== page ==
Best Wishes


PiPs's picture

Hello Shiao-Ping,

This is a stunning time of the year in Australia ... and perfect for baking. Your bread looks as stunning as ever and you have not lost your touch with your absence from regular baking. I too hope you will get the chance to bake more :)

Are you back in Brisbane again?

I can imagine how the roasted caraway would have added wonderful savoury aromas and flavours. A winter bread for sure.

I love seeing bakers formulas scribbled down on paper ... I seem to have hundreds of them ... all in a shorthand that only I can possibly understand.


Shiao-Ping's picture

Hi Phil

We were having internet problems and were not able to get connections. It always seems to happen when it is overcast. Strange.

I am in Brisbane for another three weeks and then the whole family goes to Taiwan for a break until just after mid July. I swear we were not going to be dictated by school holiday schedules for our family holidays but it appears we still are - the Uni holidays...

I love all sorts of crafts and so is my sister Orange in Taipei. She is a very handy person on top of being an oil painter. This last winter in Taiwan because of my extensive stays over there I finally showed her how to make sourdough. She is now very good at it. Her "oven" is not much bigger than a toaster.  It just goes to show that one doesn't need very good gadgets to make good sourdoughs.  Shiao-Ping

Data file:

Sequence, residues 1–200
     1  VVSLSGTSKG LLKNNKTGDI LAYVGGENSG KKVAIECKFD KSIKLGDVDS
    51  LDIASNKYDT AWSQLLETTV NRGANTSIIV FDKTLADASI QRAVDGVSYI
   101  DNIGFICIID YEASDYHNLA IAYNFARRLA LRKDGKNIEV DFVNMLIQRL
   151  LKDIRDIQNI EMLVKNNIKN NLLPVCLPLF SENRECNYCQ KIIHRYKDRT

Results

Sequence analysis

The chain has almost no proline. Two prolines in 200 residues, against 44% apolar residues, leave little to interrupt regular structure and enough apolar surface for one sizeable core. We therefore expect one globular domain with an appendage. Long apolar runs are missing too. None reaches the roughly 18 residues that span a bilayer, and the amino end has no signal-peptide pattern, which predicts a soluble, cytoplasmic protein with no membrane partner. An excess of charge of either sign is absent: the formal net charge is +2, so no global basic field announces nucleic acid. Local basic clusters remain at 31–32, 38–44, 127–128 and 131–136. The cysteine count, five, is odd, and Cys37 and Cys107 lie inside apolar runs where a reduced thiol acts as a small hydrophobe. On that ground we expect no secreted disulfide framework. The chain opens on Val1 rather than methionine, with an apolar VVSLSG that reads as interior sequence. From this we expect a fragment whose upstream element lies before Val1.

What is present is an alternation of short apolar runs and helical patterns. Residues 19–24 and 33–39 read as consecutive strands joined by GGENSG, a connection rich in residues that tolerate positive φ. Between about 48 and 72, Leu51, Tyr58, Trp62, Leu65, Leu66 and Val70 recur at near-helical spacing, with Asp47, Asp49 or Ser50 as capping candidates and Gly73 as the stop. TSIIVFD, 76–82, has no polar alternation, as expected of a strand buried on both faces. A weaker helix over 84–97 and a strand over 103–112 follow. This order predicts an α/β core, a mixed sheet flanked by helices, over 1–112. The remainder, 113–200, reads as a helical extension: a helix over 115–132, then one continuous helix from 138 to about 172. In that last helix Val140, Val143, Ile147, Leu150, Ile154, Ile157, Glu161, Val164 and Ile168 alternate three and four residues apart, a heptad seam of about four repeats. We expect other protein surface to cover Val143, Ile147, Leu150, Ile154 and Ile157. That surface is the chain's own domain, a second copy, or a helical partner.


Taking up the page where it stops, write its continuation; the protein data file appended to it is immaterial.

Syd's picture

 Beautiful post Shiao Ping.  What is the name of the tea garden/restaurant?  Are the pineapple tarts 鳳梨酥?  One of my students gave me a box of them yesterday!  Nice to see you baking again. 


Shiao-Ping's picture

Hello Syd

Sorry for the late reply.  We had internet connection problems the last few days.  The restaurant is called Shi-Yang ( ).  It is a beautiful venue but the food is not so good.    Yes the pineapple tarts are  鳳梨酥!! 


varda's picture

I was just thinking that I needed some inspiration, and here comes your post to supply it in plenty.   Lovely!  -Varda

breadsong's picture

How lovely to read of your singing loaf, a delight to your sense of hearing – as is it delightful for me to see.
The aroma and taste of your baked loaf must have completed your happiness in baking it!
:^) breadsong

Isand66's picture

Beautiful bread and post.

Welcome back!

What part of Taipei were you staying in?

I have been there a couple of times visiting some of my agents who live and work in Taipei.  I almost always go to mainland China for work, but once in a while I get to escape to Taiwan.  It is such a beautiful city and I am hoping I get a chance to visit again soon.



Shiao-Ping's picture

Hi Ian,  My place is in Tien-Mu which is on the north side of Taipei, a quieter residential area than the rest of Taipei.  Regards, Shiao-Ping

SLKIRK's picture